When she finished the routine, I asked whether she was from Hawaii. She said yes and asked me why I was headed to the Aloha State. For work, I said, being intentionally generic.
“F*** you, maaaaan!” she said.
Toe lady: “You’re taking some local’s job!”
No, no. I tried to explain this project to her: Change the List. Encourage voting. Atlanta resident. Non-surfer. Get it?
Her response was no more comforting.
“You think people are going to stop doing nothing to vote!?”
That’s when she laughed in my face. It was one of those cackles so loud and belly-felt that you can see the person’s gums. Time froze briefly in that moment: me staring at the tartar on her gumline, thinking the whole project was doomed before it began.
’You could eat a sea urchin’
The Maui where Elle Cochran grew up is exactly like the one you picture in your mind, especially if, like me before this trip, you’ve seen “Lilo & Stitch” but never been to Hawaii.
“As a Hawaiian, we are always connected to our environment: to our streams, to the aquatic life, to the mountains,” Cochran said. “Growing up, we could live off the land. You could pick a fruit off the tree. You could go in the ocean and get a fish. You could pick limu, or seaweed, off of rocks. You could eat a sea urchin.”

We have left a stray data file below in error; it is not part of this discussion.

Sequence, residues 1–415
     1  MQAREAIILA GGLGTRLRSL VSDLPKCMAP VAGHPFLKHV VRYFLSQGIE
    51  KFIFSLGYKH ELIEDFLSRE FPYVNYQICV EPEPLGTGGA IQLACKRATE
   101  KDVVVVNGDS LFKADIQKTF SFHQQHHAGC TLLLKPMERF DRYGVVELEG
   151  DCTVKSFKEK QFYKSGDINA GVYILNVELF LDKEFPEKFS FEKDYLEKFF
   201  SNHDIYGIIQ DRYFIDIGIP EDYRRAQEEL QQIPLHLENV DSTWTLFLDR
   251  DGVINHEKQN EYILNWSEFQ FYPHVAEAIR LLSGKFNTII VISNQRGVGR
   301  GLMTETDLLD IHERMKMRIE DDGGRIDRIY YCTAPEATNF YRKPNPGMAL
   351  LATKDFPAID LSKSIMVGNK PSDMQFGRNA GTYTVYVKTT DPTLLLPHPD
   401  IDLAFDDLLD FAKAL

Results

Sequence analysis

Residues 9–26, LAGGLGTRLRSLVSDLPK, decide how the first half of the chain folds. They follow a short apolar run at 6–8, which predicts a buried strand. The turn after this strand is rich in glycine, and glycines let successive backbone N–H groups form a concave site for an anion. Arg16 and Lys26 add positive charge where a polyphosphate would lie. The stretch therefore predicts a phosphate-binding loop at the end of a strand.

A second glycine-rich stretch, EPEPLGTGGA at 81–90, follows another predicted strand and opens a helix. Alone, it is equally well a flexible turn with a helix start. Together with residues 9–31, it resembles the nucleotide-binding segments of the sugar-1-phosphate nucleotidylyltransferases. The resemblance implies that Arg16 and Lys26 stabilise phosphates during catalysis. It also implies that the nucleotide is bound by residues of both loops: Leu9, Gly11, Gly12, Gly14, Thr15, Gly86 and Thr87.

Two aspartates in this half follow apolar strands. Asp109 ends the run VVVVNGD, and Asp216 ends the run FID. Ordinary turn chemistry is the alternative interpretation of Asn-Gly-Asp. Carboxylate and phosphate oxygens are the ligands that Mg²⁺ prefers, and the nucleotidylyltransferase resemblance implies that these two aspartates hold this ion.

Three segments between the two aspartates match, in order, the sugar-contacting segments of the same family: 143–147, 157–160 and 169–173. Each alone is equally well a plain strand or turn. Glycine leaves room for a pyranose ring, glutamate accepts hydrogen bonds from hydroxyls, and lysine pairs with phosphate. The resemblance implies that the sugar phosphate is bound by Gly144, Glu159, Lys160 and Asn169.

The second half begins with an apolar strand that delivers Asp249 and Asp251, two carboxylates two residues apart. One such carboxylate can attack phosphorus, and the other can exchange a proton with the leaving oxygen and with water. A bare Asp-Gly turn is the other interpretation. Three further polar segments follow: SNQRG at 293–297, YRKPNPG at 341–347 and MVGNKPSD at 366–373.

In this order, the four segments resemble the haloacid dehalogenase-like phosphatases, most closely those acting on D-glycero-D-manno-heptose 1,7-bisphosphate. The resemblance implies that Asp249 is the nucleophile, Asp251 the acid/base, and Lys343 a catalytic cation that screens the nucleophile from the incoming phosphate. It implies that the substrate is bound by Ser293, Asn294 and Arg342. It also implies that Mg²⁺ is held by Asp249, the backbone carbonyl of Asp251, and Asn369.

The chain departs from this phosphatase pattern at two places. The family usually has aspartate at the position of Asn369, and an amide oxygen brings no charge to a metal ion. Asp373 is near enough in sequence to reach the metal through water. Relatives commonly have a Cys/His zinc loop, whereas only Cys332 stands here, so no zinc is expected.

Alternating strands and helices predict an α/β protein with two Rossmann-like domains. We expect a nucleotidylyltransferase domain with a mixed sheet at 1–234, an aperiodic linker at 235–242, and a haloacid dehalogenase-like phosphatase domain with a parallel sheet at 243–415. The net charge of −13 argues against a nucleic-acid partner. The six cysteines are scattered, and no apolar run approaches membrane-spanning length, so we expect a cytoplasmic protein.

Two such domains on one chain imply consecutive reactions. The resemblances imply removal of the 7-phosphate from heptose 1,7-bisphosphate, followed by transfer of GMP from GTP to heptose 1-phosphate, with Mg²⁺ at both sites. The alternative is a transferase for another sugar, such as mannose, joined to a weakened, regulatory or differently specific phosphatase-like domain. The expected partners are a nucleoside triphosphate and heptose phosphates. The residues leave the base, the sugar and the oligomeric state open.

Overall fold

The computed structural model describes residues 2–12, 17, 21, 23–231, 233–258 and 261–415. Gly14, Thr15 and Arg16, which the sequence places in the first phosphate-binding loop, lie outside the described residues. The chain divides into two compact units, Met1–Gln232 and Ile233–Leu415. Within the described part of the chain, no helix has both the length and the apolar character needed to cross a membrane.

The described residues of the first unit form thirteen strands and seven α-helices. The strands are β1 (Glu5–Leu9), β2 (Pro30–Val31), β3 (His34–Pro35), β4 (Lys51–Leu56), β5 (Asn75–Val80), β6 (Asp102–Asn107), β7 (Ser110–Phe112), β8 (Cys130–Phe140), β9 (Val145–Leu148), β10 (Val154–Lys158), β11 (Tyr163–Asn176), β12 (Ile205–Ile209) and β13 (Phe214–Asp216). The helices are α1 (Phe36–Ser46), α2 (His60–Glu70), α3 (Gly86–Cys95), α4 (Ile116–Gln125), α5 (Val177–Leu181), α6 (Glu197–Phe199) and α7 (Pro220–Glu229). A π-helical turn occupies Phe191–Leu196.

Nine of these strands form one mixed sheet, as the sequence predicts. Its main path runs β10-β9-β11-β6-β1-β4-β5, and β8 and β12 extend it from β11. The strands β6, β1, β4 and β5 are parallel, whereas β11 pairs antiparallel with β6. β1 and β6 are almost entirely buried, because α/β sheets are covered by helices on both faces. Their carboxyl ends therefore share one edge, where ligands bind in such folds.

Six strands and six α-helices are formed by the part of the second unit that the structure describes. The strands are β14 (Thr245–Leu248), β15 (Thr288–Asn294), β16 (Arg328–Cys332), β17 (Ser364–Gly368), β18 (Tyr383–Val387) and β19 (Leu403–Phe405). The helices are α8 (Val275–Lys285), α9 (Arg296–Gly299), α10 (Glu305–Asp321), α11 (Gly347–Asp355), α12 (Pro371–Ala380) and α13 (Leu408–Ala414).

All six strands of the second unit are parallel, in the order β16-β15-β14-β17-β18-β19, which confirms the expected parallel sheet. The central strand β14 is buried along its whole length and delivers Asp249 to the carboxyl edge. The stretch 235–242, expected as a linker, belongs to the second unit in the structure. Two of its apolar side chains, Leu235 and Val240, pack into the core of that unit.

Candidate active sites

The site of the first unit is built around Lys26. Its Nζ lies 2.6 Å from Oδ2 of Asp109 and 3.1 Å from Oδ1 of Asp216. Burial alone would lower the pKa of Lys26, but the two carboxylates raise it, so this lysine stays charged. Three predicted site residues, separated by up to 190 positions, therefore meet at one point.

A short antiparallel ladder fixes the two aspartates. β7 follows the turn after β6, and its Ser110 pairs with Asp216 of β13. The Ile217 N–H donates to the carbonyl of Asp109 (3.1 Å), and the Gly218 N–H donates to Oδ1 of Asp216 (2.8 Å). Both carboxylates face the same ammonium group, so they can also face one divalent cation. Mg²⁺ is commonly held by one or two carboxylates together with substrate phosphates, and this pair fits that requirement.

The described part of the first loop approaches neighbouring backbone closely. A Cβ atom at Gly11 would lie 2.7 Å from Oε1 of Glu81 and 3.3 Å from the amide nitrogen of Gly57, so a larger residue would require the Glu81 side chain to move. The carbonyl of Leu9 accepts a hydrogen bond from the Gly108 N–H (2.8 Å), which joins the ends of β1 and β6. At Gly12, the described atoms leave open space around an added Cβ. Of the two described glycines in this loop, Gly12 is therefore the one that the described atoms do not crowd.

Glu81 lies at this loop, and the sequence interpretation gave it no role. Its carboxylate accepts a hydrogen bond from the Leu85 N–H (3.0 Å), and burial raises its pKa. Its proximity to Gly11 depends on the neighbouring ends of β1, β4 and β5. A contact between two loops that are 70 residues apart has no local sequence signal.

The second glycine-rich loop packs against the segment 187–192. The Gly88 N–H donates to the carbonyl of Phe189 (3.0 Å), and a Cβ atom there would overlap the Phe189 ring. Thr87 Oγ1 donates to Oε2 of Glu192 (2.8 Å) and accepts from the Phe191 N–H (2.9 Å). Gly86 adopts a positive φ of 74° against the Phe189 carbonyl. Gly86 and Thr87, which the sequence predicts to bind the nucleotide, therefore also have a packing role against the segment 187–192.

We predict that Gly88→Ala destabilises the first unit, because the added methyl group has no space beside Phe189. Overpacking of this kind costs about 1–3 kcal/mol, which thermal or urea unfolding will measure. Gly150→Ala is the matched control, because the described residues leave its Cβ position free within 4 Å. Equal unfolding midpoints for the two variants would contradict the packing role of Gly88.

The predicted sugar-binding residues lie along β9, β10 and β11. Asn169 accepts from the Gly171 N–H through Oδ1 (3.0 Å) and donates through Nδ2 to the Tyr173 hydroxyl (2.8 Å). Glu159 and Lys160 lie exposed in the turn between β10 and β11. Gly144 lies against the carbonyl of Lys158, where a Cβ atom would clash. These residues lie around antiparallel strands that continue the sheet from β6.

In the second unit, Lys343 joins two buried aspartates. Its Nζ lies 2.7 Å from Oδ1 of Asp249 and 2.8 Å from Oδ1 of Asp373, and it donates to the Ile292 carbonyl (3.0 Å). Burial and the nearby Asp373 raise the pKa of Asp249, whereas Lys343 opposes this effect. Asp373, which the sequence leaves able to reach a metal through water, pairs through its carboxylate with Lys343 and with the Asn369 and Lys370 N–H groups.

Cochran, the non-voter who decided to run for the County Council, learned to swim by age 2 or 3. The beach on the west side of Maui, near Lahaina, was her life. She swam and snorkeled, canoed competitively. Drive up and down the coast today, and you see packs of surfers, looking like seals as they bob up and down on the waves.
With so much else to do, Cochran never enjoyed school. It certainly didn’t prepare her to run for the County Council – or to vote. “It wasn’t part of my upbringing,” she said of elections and politics.
Eventually, she left for boarding school in a less-idyllic location: “up-country,” as she says, near a cattle farm. Partly because of the distance, she quit school at 16. The call of the water was too strong, and she didn’t want to be “cooped up in a classroom.”
She went to work as a bartender in a touristy hotel – the one that’s now the Westin Maui – and, over the course of about a decade, got tangled up with drug abuse and the law.
She came out of that experience stronger, she said, and more confident. When she left rehab, she took up a new aquatic hobby: surfing.
The ocean again became her refuge.
’We’re stuck in a vicious cycle’
On my first night in Honolulu, a surprisingly tall, dense city of computer-server-looking buildings backed by misty mountains, I met with a group called Kanu Hawaii.